Eyes Above The Waves

Robert O'Callahan. Christian. Repatriate Kiwi. Hacker.

Saturday 22 December 2007

Drive-By Debugging

My trunk dogfood build was feeling sluggish yesterday so I thought I should have a poke to see why. I'd noticed sluggish episodes on and off over the last week or two so I thought there might be some kind of problem. "top" showed firefox-bin using 75% CPU even when I wasn't doing anything in the browser, and there were no animations or other obvious activity going on in my windows, so something was definitely wrong.

Fortunately I always dogfood debug builds so it was just a matter of attaching gdb... The first thing I did was poor-man's profiling, just hit ctrl-C to interrupt the process several times and look at the stacks. It was quickly obvious that we were constantly in painting code. I fired up QuartzDebug and confirmed that my GMail window was being fully repainted many times a second.

The next step was to figure out what was triggering the painting. I set a breakpoint on nsIFrame::Invalidate, which is what most Gecko code goes through to force part of a window to be eventually repainted. That breakpoint wasn't being hit very often, so it wasn't related to the problem. I then looked for lower-level Cocoa APIs that could be being used to force the window to repaint, and discovered nsChildView::Invalidate calling those APIs. So I set a breakpoint in nsChildView::Invalidate. Bingo! That was being called very frequently, invalidating a 2000x2000 pixel area of the window.

The stack for that call showed the whole story; you can see it here. Basically the window was being invalidated by a Flash plugin instance requesting a repaint. The Flash plugin was responding to an "idle" event which we send to the plugin at a fairly high rate; each one of these events was causing the plugin to request a repaint of the window. I'm not really sure of the purpose of these events, but it's part of the NPAPI plugin API on Mac that we send them frequently. I'm even more unsure why Flash was requesting repaints of the whole window all the time; it was easy to see that the plugin's layout frame was only 100x100 pixels, and furthermore, the plugin was hidden. I think GMail only uses Flash to play sounds. I suspect there's a deeper bug here somewhere in the intersection of Flash, Gecko and GMail. Eep. It could be related to Quartz drawing model support that we added in the last year that has some other known nasty bugs (whether on our side or the Flash side, again I'm not sure).

Anyway if the plugin is hidden, we should be able to ignore its invalidate requests, working around this bug and maybe other addressing other performance issues. It turns out that the invalidate requests pass through nsPluginInstanceOwner, which has a mWidgetVisible field which is false in this case because we know the plugin isn't visible. It's a one-line patch to drop invalidation requests on the floor when this field is false, and that's what we're going to do. I couldn't be sure of reproducing the bug in a fresh Gecko build but I used a gdb conditional breakpoint with an associated command to simulate the fix in my running build, and it worked.

Episodes of unexplained sluggishness that are hard to reproduce are very frightening from my point of view, because they can really hurt the user experience but it's very hard to track them down; they don't leave stack traces and often there are no steps to reproduce so it's hard to write up a useful bug report. The moral of my story, I suppose, is to dogfood a debug build and if it seems to suddenly be afflicted by a problem like this, be willing to attach a debugger, collect some stacks and do whatever else is necessary to track down the problem ... because you may be our best chance to find and fix the bug before millions of users hit it.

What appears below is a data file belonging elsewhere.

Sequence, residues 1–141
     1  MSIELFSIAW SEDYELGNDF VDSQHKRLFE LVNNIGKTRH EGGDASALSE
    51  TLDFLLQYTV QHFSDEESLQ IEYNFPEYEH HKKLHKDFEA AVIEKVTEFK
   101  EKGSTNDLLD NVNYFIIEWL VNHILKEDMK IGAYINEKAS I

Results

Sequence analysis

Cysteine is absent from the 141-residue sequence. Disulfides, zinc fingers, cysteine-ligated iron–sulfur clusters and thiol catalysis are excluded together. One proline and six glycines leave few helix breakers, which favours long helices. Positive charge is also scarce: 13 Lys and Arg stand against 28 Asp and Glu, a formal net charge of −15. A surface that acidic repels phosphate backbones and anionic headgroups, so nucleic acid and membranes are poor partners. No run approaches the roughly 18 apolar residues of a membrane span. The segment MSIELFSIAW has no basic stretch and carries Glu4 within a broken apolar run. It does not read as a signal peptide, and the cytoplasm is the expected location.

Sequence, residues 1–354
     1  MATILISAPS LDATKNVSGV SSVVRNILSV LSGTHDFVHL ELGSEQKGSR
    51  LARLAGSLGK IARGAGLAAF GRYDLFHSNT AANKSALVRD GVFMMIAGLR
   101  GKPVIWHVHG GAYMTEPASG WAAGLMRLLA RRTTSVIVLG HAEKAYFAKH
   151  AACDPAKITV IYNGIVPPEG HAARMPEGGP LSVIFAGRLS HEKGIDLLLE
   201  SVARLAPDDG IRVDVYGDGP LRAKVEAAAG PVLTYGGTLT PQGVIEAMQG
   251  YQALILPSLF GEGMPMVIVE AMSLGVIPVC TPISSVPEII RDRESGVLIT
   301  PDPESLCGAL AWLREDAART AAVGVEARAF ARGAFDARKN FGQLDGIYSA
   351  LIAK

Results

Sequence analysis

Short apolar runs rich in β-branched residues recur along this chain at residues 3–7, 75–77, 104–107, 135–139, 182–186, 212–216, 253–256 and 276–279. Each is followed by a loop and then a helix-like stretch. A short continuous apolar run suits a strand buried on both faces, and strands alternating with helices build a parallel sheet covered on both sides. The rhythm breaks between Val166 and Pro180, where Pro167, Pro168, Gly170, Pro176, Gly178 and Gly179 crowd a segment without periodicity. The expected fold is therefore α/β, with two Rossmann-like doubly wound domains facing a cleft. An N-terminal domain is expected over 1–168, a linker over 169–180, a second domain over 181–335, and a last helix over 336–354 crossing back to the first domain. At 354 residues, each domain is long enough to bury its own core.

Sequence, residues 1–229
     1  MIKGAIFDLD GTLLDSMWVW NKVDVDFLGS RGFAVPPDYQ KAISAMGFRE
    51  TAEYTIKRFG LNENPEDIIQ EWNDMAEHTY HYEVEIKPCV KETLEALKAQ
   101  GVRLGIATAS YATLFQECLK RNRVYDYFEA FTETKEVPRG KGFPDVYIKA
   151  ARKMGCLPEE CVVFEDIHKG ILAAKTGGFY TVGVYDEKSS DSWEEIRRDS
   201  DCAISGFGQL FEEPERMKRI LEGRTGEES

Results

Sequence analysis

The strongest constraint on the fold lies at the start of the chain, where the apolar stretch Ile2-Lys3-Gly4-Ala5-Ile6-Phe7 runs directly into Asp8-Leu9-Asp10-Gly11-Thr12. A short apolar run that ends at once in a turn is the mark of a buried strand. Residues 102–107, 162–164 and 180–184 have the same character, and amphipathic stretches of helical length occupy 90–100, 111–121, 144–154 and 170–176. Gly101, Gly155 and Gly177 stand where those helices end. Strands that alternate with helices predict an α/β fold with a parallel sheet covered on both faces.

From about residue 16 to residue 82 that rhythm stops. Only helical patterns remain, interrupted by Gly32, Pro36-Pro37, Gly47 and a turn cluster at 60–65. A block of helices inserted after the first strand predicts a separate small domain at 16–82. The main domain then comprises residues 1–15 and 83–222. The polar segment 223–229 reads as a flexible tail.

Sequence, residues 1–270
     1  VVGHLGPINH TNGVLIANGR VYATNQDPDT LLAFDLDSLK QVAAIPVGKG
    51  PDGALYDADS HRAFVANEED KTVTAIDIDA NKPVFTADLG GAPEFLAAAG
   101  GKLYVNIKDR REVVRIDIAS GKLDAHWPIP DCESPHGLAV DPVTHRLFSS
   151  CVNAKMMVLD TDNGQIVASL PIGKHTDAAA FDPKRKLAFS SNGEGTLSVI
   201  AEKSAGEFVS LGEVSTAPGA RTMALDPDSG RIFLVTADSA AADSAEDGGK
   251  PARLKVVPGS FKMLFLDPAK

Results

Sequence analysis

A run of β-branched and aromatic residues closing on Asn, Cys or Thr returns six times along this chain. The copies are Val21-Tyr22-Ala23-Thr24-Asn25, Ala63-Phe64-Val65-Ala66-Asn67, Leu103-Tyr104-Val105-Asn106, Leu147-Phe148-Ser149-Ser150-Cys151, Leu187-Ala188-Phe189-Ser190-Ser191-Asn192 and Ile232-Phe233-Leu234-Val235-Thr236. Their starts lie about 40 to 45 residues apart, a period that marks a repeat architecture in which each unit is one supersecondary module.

Dude! I have a co-worker who can make a computer stop working just by walking past it.
I don't know what that's called, but you're the exact opposite of her :)
Cool! This issue was actually already reported in bug 407456. Any tips on how we could have helped gotten that bug noticed?
Robert O'Callahan
Hi Manu! The first step to getting a bug noticed is to nominate it for blocking status. The other thing in this case would have been to reassign it to a Core component when Gecko developers are vastly more likely to be watching.
Smokey Ardisson
In addition to what roc said here and in the bug, any time there is a problem that deals with something in a web page, it belongs in a Core component instead of an application (Firefox, Thunderbird, SeaMonkey, Camino, etc.) component. This is doubly true for any such bug that is filed in an application’s “General” component; the “General” components often are components where bugs go to get lost ;)
Vladimir Vukicevic
Soon enough I think we'll have some kind of symbol server for OSX builds, so that you can debug/profile all nightlies -- the ability to do this on win32 is pretty fantastic.
Why didn't you use Shark?
Robert O'Callahan
Bob: Shark's a great tool but for really obvious performance issues ("why am I doing something instead of nothing") gdb is good enough, and gdb offers the normal debugging features as well like showing the values of local variables, setting breakpoints, etc.
Can you really stop sending idle events to flash plugins? I thought that people had become so upset with Safari slowing flash down when windows were in the background (perhaps having a video playing while typing something elsewhere?) that Safari had to send them at the same rate regardless: http://webkit.org/blog/96/background-music/ . Perhaps that doesn't apply if the plugin has been scrolled off screen though....
Robert O'Callahan
We haven't changed the idle-event-sending behaviour.